Tumwater’s fund balance expected to fall below minimum required amount by 2027



By Jerome Tuaño

According to data projections prepared by Tumwater’s Chief Financial Officer, Troy Niemeyer, Tumwater’s fund balance is expected to fall below the minimum required balance by 2027.

The 2027 balance is expected to close at $3,327,624, three million less than the then required balance of $6,331,000.

Additionally, city expenditures are expected to exceed revenues in 2025, with expenditures of $34,368,000 and revenues of $34,357,000. The trend sees the gap widen over the following years.

City staff presented these data projections to City Council during the 2023-24 budget workshops. The actual data was shared with Shaking during an interview on September 28.

According to City Administrator John Doan, the minimum fund balance is equal to two months of reserve or 16% of the general fund. He said this amount is necessary to “properly manage the city and be in good financial health”.

Doan said they’ve identified several ways to avoid the trend. This includes changing the level of services, acquiring other sources of revenue, and increasing taxes or fees.

“It would be easy to [say] “Well, it’s 2027”… The thing is, the city’s finances are kind of like a supertanker – you can’t do a 90 degree turn. You have to spin the wheel and you make very slow shifts,” Doan said.

On top of their list of priorities for accomplishing such changes is the establishment of the regional fire authority [RFA]which would merge the Tumwater and Olympia fire departments and turn them into a new entity outside of the city government.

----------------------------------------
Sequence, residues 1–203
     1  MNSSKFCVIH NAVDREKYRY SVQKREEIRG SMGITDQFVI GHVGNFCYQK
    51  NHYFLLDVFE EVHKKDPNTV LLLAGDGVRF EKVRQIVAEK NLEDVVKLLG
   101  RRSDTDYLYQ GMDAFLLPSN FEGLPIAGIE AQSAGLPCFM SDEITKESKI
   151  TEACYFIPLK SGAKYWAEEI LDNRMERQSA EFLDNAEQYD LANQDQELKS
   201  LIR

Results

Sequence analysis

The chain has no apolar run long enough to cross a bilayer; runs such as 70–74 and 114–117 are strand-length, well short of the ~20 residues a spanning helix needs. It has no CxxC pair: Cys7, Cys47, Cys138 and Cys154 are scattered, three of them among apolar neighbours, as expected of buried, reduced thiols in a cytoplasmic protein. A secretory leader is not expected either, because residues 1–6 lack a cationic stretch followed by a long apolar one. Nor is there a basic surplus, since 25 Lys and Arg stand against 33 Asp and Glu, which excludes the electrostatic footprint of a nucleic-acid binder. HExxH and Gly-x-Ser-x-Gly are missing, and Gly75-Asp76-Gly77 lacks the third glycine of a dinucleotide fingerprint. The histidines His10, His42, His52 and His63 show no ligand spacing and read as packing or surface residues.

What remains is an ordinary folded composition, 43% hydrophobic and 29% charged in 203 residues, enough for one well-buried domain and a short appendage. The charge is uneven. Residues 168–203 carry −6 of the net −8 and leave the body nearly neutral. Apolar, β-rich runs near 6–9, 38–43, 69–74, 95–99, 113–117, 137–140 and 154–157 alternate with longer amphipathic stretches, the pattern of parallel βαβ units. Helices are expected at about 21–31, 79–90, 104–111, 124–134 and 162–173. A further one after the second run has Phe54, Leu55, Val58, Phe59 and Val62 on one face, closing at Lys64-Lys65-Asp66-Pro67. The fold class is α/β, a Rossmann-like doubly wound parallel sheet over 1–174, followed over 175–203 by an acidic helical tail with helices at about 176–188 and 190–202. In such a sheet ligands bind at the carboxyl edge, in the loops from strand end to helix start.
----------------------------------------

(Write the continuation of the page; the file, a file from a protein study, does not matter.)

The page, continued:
“The RFA is essential both to provide better emergency medical and fire service to our community, but also to reduce the rate of growth of city expenses,” Doan said at a council meeting. council on September 27.

Fire and emergency services have historically been the largest expenditures in Tumwater, with the town proposing to spend $20,399,539 on these services in 2023-24. Creating an RFA would likely also create a “fire protection charge,” which is a fee that cities claim is based on the expected cost of a structure’s fire response needs.

Another priority is to renew and review the structure of the Transportation Benefit District, which was created in 2014 to replace the city’s transportation funding. In 2015, the residents of Tumwater agreed to implement a 0.2% sales tax increase for ten years to fund street maintenance projects in the town.

In Washington State, annual increases in property tax collections on existing properties are limited to 1%. Doan said that also needs to be changed, but that requires it to be done at the state level.

He said other things that need to happen include a review of staffing needs and funding for the police department, which is the city’s second-biggest source of spending. The city must also make smart investments in infrastructure while ensuring real economic development. Doan said that means creating jobs, increasing the tax base and adding value to the community.

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